Blizzard’s video games have been revealed in China by NetEase for 14 years, till that licensing settlement got here to an finish in January. It was not a harmonious break-up. Each side blamed the opposite for each the collapse of their settlement and the shortcoming to work out a solution to switch participant knowledge to any new accomplice’s servers (Blizzard nonetheless lacks a brand new Chinese language writer). The tip got here with the in-your-face symbolism of NetEase staff smashing up an enormous Gorehowl statue (a legendary World of Warcraft axe) in entrance of their workplaces, earlier than consuming “Blizzard green tea”, the latter primarily a Chinese language insult implying Blizzard is grasping and impure.

So that every one went properly, and at this time brings the information that NetEase is submitting a lawsuit towards Blizzard that is in search of 300 million Chinese language Yuan ($43.5 million / £35 million) made up of assorted claims (the swimsuit was first reported by Chinese language media Sina Expertise, through WoWhead). The principle parts are: 

  • Blizzard promised refunds for gamers who wished them when the Chinese language servers went offline on January 23, and NetEase says it has been left to honor this dedication to 1.12 million gamers and has executed so.
  • Violation of licensing agreements, and redress for “unequal provisions” in similar.
  • Compensation for unsold merchandise stock.
  • “As well as, this lawsuit includes many ‘overlord clauses’ signed between Blizzard and Netease,” reads the The Sina Finance report, “together with requiring Netease to pay an enormous deposit upfront for a number of video games, however Blizzard didn’t refund the related video games once they weren’t developed.”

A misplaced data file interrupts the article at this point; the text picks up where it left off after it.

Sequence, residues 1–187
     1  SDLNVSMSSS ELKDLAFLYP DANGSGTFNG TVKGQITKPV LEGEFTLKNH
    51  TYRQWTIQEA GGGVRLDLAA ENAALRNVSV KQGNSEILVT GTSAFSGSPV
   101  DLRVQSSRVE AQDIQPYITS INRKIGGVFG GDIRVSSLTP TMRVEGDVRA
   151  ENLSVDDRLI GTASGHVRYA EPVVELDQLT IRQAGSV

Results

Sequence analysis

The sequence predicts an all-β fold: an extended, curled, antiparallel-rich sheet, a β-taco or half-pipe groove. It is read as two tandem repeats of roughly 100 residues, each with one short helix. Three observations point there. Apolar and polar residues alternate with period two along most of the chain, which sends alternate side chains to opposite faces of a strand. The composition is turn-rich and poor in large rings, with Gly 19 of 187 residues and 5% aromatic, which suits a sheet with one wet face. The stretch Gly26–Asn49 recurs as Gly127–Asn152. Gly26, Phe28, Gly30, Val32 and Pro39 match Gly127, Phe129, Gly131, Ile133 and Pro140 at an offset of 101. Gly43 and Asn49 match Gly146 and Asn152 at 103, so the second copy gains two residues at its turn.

That final level is probably the most tantalising, with NetEase claiming it paid Blizzard deposits for a number of video games that have been ultimately not developed. The wording, nonetheless, may imply loads of issues apart from unannounced Blizzard video games, together with current merchandise being tweaked for the Chinese language market. It may additionally simply be NetEase threatening to spill a few of Blizzard’s secrets and techniques. Little question, nonetheless, extra will come out in regards to the specifics. 

A few of NetEase’s grievances within the swimsuit appear extra easy, such because the declare Blizzard “outright refused” to tackle the duty of refunding Chinese language gamers, and in addition didn’t pay a pre-agreed fee price relating to those refunds. However there are additionally among the standard complaints about Blizzard and the unequal nature of the settlement: Each Blizzard and NetEase did very properly out of this through the years, so to show round on the finish and wail in regards to the oppressive phrases feels a bit of bitter.

I’ve contacted Blizzard for touch upon the lawsuit and its claims, and can update with any response.